My daughter, age 2, was diagnosed 3 months ago with celiac. Just recently we are having a huge issue with constipation. Do you have any suggestions?
Hi Holly. Thanks so much for your question. I’m sorry to hear your daughter has been having issues with constipation. I definitely have a few ideas that you can try with her to help alleviate things.
You don’t mention if your daughter had constipation before her diagnosis. Constipation may occur as a symptom of celiac disease, and should start to resolve after some time on a gluten-free diet as the GI tract and villi begin to heal.
Another, more common reason for constipation often occurs when first starting a gluten-free diet, and that is the removal of fiber-containing whole wheat from the diet.
While more and more “whole grain” gluten-free products are on the market these days, there are still many highly processed gluten-free products (i.e. crackers, pasta, breads) whose main ingredients are tapioca flour, potato starch, and/or white rice, all of which contain very little fiber.
Your best bet is to look for products containing fiber-rich gluten-free grains that are listed at the top of the ingredient list. These include amaranth, quinoa, buckwheat, millet, montina, sorghum and teff. In addition, fruits and vegetables, nuts, seeds, beans and legumes are excellent sources of fiber and should be a daily part of your daughter’s diet to help prevent constipation.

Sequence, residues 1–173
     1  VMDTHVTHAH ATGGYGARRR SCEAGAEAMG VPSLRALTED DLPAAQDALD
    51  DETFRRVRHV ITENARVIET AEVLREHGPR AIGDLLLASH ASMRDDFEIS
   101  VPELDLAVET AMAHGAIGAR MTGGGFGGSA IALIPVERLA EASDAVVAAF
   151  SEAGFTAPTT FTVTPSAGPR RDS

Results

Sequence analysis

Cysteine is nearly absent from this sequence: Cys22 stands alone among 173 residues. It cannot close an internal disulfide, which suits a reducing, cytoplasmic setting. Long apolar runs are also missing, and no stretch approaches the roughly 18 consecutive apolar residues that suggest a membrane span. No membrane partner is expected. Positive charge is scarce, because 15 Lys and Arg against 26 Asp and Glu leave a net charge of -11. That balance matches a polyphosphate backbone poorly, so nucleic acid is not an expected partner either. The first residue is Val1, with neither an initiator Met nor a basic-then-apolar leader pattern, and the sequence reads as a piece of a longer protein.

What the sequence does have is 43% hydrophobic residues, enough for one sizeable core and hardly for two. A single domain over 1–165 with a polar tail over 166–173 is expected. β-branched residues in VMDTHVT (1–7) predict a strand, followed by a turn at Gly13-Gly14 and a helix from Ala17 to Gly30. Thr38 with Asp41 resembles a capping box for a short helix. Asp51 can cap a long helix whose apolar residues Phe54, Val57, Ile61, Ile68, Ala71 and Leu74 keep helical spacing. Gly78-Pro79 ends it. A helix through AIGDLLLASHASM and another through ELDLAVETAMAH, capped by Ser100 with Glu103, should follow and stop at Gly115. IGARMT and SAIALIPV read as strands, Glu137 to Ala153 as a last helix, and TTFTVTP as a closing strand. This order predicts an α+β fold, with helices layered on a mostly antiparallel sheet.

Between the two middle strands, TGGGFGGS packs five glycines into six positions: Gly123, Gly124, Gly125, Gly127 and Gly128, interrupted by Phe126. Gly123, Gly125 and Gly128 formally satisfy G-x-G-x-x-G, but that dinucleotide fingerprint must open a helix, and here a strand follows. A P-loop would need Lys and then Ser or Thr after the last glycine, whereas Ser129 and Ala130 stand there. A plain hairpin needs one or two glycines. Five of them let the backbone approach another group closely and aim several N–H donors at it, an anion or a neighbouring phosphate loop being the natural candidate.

Additionally, it’s also important for your daughter to drink adequate liquids throughout the day to help alleviate constipation, especially when consuming a higher fiber diet. Water is best, but milk (cow’s or non-dairy alternative) and juice also count towards daily fluid requirements, and, again, the more fruits and veggies, the better, as they also are an excellent source of fluids.
If your daughter’s symptoms persist, despite adding more fiber and fluids to the diet, I recommend you check with her physician to see if there are any other medical causes contributing to her constipation. In addition, you may want to work with a registered dietitian who specializes in celiac disease and gluten sensitivity, to help provide you with a high fiber menu plan your daughter will enjoy eating.
In good health,
EA Stewart, MBA, RD
This article was originally posted by the National Foundation for Celiac Awareness: find it here.